Recently media reports, including The Mideast Update, have covered the claims that Israel struck some type of military target in Syria in order to prevent the transfer of weapons to Hezbollah terrorists in Lebanon. Israel apparently acted decisively on Syria. Such initiative is essential for current leaders and those who aspire to become such. You may have heard that haste makes waste, the tortoise triumphs over the hare and so on. In truth, those proverbs are often completely wrong.
The problem is that the wisdom in the phrase “timing is everything” is too commonly interpreted to demand caution and waiting. “Slow and steady” is great advice for a marathon, but terrible advice for the frequent times that quick decisiveness is essential. Timing is everything—sometimes the time is right now.
Israel is a perfect example of realizing that not every decision permits waiting. Twice now with Syria, Israel has reportedly acted when no one else would. Back in 2007, Israel was faced with a serious threat: Syria was developing a covert nuclear program that doubtless aimed to develop nuclear weapons. No one else would take action at the speed that the situation demanded, and so Israel took a substantial risk and blasted the Syrian facility into oblivion.
Again, just recently, Israeli aircraft reportedly acted on a new Syrian threat. Whether it was chemical weapons or anti-aircraft missiles, the point is that it could be a game-changer in the hands of Hezbollah terrorists. Realizing that action could not be postponed, Israel was proactive.
The actions were risky, sure. But for leaders—whether they are governments, CEOs or fathers—delay can make things more difficult, or even dangerous. When one knows what one must do, one must act quickly more often than not.
In Jewish tradition, there is a poignant story of what happens when leaders don’t take initiative. When collecting items for the construction of the Tabernacle, the Bible details a long list of goods brought by the people of Israel. Oddly enough, some of the most expensive items—sizable gemstones—are listed towards the end.
Not only where these of notable value, but they were brought by the elders of the community. So why list them almost last?
Chabad.org describes a tradition that the leaders waited to see what would be left over from the gifts of the people. Their intentions were noble. That the elders would have brought more is evidenced by their bringing such expensive stones and their later gifts for the dedication ceremony for the altar.
But here, they waited. And in the end, most likely to their dismay, the people brought almost everything that was needed. The leaders had but one gift to give, when they had planned to do so much more. They hesitated, and according to the Jewish account, they were subtly critiqued for this lack of initiative.
The command of G-d was clear: bring the goods for the tabernacle. The abilities of the leaders were obvious: They had much to give. So the action should have been hasty: do what needs to be done.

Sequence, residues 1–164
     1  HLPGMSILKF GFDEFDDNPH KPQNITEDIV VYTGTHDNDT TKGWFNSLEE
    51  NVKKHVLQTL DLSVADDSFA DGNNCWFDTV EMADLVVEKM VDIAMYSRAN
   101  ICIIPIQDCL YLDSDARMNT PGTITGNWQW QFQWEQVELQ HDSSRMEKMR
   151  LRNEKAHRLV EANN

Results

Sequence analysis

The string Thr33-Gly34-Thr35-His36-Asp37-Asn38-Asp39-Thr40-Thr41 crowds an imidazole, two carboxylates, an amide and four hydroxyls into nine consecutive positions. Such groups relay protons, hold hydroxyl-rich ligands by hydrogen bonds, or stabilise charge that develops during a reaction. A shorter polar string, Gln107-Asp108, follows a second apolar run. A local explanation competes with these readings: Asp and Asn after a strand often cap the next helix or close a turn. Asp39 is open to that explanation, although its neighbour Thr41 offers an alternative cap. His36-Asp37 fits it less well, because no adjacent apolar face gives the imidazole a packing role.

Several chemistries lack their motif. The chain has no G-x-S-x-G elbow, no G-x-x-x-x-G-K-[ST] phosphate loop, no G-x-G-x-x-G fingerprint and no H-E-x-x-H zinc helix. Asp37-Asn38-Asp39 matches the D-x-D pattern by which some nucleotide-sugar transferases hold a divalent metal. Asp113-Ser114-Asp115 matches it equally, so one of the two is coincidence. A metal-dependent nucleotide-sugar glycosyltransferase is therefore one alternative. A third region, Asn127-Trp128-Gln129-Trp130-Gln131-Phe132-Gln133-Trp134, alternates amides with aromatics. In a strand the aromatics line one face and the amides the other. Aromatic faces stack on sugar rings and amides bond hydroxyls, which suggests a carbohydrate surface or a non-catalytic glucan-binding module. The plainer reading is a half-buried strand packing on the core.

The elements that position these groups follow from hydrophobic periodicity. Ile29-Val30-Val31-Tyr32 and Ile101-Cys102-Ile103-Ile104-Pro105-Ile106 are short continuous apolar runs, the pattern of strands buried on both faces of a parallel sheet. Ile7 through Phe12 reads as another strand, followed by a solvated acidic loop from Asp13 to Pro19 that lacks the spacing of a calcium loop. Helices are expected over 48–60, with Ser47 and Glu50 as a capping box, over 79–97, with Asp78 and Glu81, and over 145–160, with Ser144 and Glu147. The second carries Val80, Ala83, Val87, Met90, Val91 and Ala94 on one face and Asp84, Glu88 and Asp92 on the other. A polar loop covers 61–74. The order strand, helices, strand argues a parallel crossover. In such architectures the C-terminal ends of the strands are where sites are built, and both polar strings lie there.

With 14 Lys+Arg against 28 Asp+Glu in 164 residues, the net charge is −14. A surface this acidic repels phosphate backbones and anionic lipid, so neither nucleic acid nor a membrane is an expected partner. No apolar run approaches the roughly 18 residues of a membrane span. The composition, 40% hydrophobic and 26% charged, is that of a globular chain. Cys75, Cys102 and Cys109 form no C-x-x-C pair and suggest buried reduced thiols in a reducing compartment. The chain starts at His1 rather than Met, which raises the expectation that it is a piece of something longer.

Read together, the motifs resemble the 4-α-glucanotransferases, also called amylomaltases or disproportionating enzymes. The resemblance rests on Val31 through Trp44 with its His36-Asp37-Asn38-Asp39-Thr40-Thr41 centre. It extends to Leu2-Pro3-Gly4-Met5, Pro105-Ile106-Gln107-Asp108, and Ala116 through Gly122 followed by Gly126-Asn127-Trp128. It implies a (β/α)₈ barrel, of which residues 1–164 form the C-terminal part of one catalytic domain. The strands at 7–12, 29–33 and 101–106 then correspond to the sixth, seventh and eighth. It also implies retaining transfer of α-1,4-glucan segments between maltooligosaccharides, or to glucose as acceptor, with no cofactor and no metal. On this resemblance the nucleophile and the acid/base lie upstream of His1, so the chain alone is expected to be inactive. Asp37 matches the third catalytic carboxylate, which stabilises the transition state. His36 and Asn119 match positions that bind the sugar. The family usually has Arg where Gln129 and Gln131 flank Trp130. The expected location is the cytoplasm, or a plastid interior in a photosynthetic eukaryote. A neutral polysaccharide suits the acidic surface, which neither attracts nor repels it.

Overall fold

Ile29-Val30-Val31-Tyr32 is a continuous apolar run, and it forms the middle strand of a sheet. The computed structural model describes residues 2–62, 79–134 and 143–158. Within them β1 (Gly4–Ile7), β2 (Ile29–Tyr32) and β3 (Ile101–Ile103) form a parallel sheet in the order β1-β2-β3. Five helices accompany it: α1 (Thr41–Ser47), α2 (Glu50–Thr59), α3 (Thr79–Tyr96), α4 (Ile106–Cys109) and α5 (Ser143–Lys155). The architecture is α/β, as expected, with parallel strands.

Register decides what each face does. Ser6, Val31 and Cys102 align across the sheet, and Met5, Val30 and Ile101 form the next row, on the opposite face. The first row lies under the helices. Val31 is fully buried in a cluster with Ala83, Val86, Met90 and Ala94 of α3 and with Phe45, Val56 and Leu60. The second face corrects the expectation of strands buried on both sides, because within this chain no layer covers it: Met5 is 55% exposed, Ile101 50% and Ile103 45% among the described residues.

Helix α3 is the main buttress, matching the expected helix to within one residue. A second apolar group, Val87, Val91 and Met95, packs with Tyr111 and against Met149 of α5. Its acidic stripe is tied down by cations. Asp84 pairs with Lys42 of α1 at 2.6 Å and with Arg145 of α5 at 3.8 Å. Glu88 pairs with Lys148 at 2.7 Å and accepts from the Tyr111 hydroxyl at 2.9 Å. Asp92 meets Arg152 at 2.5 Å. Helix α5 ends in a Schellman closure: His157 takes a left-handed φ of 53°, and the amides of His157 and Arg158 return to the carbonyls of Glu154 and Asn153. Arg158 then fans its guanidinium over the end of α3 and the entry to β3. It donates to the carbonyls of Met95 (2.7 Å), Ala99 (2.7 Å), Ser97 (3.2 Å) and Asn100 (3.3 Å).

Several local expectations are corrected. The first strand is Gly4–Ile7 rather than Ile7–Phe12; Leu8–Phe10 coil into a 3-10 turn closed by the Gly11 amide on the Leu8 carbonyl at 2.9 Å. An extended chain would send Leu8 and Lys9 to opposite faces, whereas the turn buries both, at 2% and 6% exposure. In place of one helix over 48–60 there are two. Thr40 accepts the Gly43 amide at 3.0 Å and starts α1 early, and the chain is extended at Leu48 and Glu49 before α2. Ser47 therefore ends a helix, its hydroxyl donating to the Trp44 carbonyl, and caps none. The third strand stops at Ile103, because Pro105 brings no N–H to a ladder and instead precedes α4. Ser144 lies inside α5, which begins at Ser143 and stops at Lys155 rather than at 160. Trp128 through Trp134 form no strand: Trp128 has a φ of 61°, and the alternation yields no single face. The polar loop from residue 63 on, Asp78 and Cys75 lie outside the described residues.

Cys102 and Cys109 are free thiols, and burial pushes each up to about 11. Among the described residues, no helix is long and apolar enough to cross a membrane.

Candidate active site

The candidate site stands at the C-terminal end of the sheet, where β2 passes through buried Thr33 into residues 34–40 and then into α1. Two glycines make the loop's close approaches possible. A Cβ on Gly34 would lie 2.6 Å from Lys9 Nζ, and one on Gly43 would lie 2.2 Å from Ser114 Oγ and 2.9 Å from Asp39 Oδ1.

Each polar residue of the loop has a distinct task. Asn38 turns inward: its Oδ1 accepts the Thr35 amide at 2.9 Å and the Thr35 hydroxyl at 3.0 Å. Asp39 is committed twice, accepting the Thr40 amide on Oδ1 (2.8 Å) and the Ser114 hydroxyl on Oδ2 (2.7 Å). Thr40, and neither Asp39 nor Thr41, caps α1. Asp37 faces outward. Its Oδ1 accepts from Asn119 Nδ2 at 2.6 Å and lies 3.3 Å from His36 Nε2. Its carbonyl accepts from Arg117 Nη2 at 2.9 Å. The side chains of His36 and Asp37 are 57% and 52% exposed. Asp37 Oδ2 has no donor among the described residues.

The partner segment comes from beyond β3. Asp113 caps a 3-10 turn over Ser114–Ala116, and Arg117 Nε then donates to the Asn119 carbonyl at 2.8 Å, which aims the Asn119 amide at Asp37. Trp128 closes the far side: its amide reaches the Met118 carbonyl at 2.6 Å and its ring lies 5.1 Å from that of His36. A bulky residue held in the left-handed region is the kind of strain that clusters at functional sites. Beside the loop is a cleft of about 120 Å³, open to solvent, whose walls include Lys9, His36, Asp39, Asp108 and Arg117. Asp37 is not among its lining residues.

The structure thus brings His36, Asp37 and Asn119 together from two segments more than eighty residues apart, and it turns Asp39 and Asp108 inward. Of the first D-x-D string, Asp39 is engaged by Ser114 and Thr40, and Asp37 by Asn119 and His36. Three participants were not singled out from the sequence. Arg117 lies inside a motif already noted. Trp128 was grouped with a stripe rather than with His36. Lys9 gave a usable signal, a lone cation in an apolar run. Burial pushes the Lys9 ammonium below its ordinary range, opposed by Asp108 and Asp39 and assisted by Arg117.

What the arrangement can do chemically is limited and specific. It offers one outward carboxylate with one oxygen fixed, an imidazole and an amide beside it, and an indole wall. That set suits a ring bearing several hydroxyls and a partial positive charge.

Now, let me be clear in stating that some decisions need time. Sometimes the required action is unclear and more research or study needs to be done. Sometimes the chance for perfect timing is too good, or even necessary, and so a healthy delay is wise. Sometimes haste really does make waste.
But too often, the lack of initiative causes more problems than it prevents. How many men tell their wives “I was going to do” something that in the end they could not do? How many businesses fail because no one thought it was their place to act? How many once-in-a-lifetime opportunities are missed because they weren’t taken?
Of course, if you’re not a leader, your initiative must be tempered by the structure of authority. Acting without telling your boss is a great way to get fired, not promoted.
But that doesn’t mean you can’t take initiative, or shouldn’t.
Joseph is an excellent Biblical example of just such a response. He was a puny prison-slave brought before Pharaoh to interpret the powerful man’s dreams. He knew what needed to be done. He had leadership skills to do it. But his wisdom made him temper his initiative with respect.
Rather than tell Pharaoh that he could save Egypt from famine, Joseph presented Pharaoh with a plan that could do that. It was risky in that Joseph might lose credit for the plan. But it was brilliant in that he did not have the authority or the right to act without Pharaoh’s approval. So he made his presentation, and without even suggesting himself for the role of food collector, let Pharaoh have the privilege of leading.
As a result, Pharaoh wisely saw that Joseph was the best and only choice for such a role and not only named Joseph to be the food-collecting leader, but named him second-in-command.
So are you a leader? Then act like it by acting quickly and with initiative. Do you want to be a good subordinate? Then present your ideas to your superiors quickly with respect and humility. The truth is that initiative is more often good than bad; the key is just presenting it in the right way depending on one’s position in life.
So don’t hesitate, don’t wait and don’t be late—initiate!
(By Joshua Spurlock, www.themideastupdate.com, February 17, 2013)